Newsmax says so, channeling National Review’s Mark Hemingway from last week. Hemingway makes a pretty convincing case. It’s deep in the ’08 cycle. Obama’s been trying like mad to reach white evangelicals and other religious constituencies for a year and a half. And how many credible polls have actually reported him making inroads among religious voters? God-o-Meter can’t think of any showing him picking up more white evangelical than John Kerry did.
And there’s plenty of evidence from the primaries that he’s vulnerable among white Catholics and evangelicals. Here’s Newsmax

Despite assertions in the press that evangelical Christians are backing Democrat Barack Obama in the presidential race, a new survey reveals that he is getting less support than John Kerry did four years ago.

A typical headline, which ran last week in U.S. News & World Report, announced: “Obama Campaign Is Making Progress With Evangelical Voters.”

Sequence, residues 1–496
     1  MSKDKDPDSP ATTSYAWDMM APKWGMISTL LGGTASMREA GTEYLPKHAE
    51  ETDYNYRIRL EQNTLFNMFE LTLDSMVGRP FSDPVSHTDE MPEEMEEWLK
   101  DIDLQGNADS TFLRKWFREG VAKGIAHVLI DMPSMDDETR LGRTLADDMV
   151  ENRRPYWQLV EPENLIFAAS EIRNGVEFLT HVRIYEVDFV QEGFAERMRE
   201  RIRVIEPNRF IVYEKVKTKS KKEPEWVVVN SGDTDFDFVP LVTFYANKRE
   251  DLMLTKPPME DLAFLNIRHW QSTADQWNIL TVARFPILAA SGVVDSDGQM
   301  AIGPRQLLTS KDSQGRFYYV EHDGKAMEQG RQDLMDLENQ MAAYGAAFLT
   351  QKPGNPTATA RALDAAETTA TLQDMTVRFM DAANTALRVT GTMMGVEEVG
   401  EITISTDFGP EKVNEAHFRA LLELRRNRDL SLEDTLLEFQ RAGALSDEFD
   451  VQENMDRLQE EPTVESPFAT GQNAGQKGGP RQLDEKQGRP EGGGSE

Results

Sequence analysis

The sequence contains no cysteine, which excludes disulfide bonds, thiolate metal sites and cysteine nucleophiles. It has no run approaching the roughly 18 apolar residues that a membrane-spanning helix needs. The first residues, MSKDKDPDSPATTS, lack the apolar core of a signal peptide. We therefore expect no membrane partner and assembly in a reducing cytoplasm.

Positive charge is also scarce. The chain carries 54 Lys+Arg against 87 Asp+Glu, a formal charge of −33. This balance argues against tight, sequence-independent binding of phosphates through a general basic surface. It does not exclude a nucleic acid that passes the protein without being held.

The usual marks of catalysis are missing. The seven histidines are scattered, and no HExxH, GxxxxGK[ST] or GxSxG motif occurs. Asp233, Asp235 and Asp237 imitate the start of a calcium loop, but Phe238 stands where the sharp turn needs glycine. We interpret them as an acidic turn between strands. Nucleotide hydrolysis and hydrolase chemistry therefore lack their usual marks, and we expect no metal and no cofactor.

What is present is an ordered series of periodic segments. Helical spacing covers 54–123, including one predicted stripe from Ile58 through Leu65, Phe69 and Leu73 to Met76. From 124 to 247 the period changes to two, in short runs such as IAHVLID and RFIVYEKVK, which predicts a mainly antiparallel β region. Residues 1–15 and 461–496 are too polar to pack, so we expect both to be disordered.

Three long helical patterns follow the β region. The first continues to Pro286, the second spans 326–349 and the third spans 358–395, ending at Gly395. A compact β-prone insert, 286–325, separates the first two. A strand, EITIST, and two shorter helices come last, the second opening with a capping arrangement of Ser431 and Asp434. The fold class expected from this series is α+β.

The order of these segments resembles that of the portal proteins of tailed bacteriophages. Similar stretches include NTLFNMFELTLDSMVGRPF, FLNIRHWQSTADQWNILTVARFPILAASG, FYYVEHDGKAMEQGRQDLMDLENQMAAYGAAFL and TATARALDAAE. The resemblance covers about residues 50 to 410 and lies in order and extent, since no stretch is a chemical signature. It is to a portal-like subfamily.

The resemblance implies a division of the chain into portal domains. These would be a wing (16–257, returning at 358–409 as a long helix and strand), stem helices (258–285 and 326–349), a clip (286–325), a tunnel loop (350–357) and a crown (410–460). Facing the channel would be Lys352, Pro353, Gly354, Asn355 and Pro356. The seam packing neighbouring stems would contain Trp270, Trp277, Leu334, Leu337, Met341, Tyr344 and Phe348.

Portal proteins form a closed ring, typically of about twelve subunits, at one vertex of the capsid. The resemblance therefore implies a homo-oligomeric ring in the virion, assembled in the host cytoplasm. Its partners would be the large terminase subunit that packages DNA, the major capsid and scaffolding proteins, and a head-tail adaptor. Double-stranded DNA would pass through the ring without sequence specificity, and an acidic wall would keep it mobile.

But the poll by the Pew Research Center for the People & the Press found that 25 percent of white evangelicals favor Obama over John McCain, while 26 percent favored John Kerry over President Bush in 2004.
In 2000, Al Gore enjoyed even more support — 28 percent.
“Not that this translates into evangelical enthusiasm for McCain, but the survey is worth noting for no other reason than it challenges the prevailing media assumption about how Obama’s overt religiosity is helping his campaign,” National Review’s Mark Hemingway observes.
And the Pew Center notes: “Obama has made no significant gains among this important constituency.”


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